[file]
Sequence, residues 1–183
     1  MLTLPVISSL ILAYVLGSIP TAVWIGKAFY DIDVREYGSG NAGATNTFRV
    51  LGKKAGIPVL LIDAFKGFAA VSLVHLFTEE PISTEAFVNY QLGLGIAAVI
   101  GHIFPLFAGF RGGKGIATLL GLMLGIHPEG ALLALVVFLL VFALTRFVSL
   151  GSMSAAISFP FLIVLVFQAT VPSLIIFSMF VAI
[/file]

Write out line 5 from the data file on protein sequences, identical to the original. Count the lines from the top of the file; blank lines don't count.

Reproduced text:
   151  GSMSAAISFP FLIVLVFQAT VPSLIIFSMF VAI